Hometown: Setauket, New York
Major: Environmental Studies and Visual Art
Why did you come to Bowdoin?
Of all the schools I visited, I felt the most comfortable on the Bowdoin campus. I visited in the summer and there was a calmness and a pleasant feeling.
Why did you decide on your major?
The Environmental Studies program at Bowdoin is really excellent because the program both tries to give you a broad understanding of how social, economic and cultural issues all relate [to Environmental Studies], but then also you have to have a coordinate major. You have to have a specific major that gets you more in depth into a certain field, so it's both breadth and depth.
I chose to be a Visual Art major because I am a firm believer in making things and seeing how your ideas translate into something more tangible and physical. And also, I believe that Maine has both active and accessible art and environmental communities.
What has been your favorite class at Bowdoin?
I took Intro to East Asian Art with Professor Clif Olds a while back, and although it was one of the larger lecture classes that I've had at Bowdoin, it was just amazing how, by the end of the semseter, I had such an understanding of something that at the beginning seemed so foreign. At the beginning, you think all sumi-e ink drawings look the same, and that all the names sound the same, but thankfully, you're proven wrong, because it's just so diverse but also sensitive and delicate, - "it" referring to East Asian art. And I really developed a love of zen gardens in that class, too.
Also, I've taken Sculpture I and Sculpture II with Professor John Bisbee and I'm a big fan, because the way those classes are run it's almost like learning a language. You start off sort of in unfamiliar territory and then you develop a dialogue with your materials. By the end of the class, your product is something that you've built by yourself but also in concert with your tools.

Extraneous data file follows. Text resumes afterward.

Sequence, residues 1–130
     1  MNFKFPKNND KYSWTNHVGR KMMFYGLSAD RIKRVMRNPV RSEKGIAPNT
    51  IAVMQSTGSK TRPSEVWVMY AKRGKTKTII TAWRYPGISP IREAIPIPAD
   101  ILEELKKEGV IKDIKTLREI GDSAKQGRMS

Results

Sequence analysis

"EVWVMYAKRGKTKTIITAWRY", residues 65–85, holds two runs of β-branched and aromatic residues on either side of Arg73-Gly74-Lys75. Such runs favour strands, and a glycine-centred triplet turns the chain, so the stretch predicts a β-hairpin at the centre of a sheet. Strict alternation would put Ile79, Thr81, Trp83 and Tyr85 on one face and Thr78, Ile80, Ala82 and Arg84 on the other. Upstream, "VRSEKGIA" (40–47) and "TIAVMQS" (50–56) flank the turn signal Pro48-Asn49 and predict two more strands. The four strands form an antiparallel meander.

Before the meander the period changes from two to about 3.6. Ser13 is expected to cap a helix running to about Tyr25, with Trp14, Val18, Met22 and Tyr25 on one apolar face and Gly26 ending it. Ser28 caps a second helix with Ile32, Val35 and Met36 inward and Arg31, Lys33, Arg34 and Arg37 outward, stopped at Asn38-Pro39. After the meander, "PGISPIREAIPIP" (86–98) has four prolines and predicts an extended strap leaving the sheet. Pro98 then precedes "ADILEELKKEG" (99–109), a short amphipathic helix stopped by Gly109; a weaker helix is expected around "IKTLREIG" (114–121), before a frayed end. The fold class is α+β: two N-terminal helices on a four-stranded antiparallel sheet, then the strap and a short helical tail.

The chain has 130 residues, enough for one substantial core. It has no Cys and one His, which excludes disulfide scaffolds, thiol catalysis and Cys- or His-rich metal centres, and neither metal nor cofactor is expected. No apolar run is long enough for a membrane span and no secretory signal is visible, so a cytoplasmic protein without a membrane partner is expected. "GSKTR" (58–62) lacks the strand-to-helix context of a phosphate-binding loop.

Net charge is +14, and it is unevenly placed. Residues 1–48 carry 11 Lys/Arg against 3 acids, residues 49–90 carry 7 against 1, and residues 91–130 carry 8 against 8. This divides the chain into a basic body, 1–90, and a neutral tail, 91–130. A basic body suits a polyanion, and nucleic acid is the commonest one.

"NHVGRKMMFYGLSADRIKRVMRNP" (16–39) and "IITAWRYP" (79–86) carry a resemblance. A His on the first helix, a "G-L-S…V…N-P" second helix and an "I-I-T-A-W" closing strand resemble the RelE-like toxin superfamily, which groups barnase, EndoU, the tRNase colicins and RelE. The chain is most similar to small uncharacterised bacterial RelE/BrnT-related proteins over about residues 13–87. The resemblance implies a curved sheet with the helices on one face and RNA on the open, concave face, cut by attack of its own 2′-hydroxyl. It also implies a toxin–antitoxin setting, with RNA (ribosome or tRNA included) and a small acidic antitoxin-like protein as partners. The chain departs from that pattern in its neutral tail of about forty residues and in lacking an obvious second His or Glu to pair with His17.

What extracurriculars are you involved in?
I've been on the Board of Masque and Gown, the student theater organization on campus, for three years now, and I enjoy it thoroughly. I've been Publicity Coordinator and Treasurer and also done costume designing for the group, and I just really, really believe in it because it's an excellent way to see your ideas made real.
I've had a radio show for a couple of years [on WBOR], and that's super fun. Currently, I'm playing sort of soul music combined with pre-New Wave, early eighties rock. It's a wonderful release every week.
What is your best Bowdoin memory?
My best Bowdoin memory is always whenever it's Honolulu Tofu Night [at the dining hall]. The conversations that arise over Honolulu Tofu are excellent, as well.
Have you studied away during your time at Bowdoin?
I studied abroad in the spring semester of my junior year in Copenhagen, Denmark. That was a very excellent experience for many reasons. One was that I was in a pre-architecture program, so I got to spend a lot of time with other students who were very much not from a liberal arts background. And I learned a lot about the professional world through that. It helped me develop a love of urban planning and sustainable architecture that I didn't get at Bowdoin; now that I'm back here, I can explore it further.
What are your plans after graduation?
I plan on being happy. And perhaps I will pursue a master's degree in landscape architecture. I'd also like to work on a farm at some point.
Is there anything else about Bowdoin or your experiences here that you'd like prospective students to know?
I've spent two of my summers here in Brunswick, and there are some amazing opportunities for fellowships that I would really encourage people to explore. I think the Midcoast region has a lot to offer that you don't always fully appreciate during the school year, but it is always there. I would say, if you can, spend a summer here and chill out in a great place.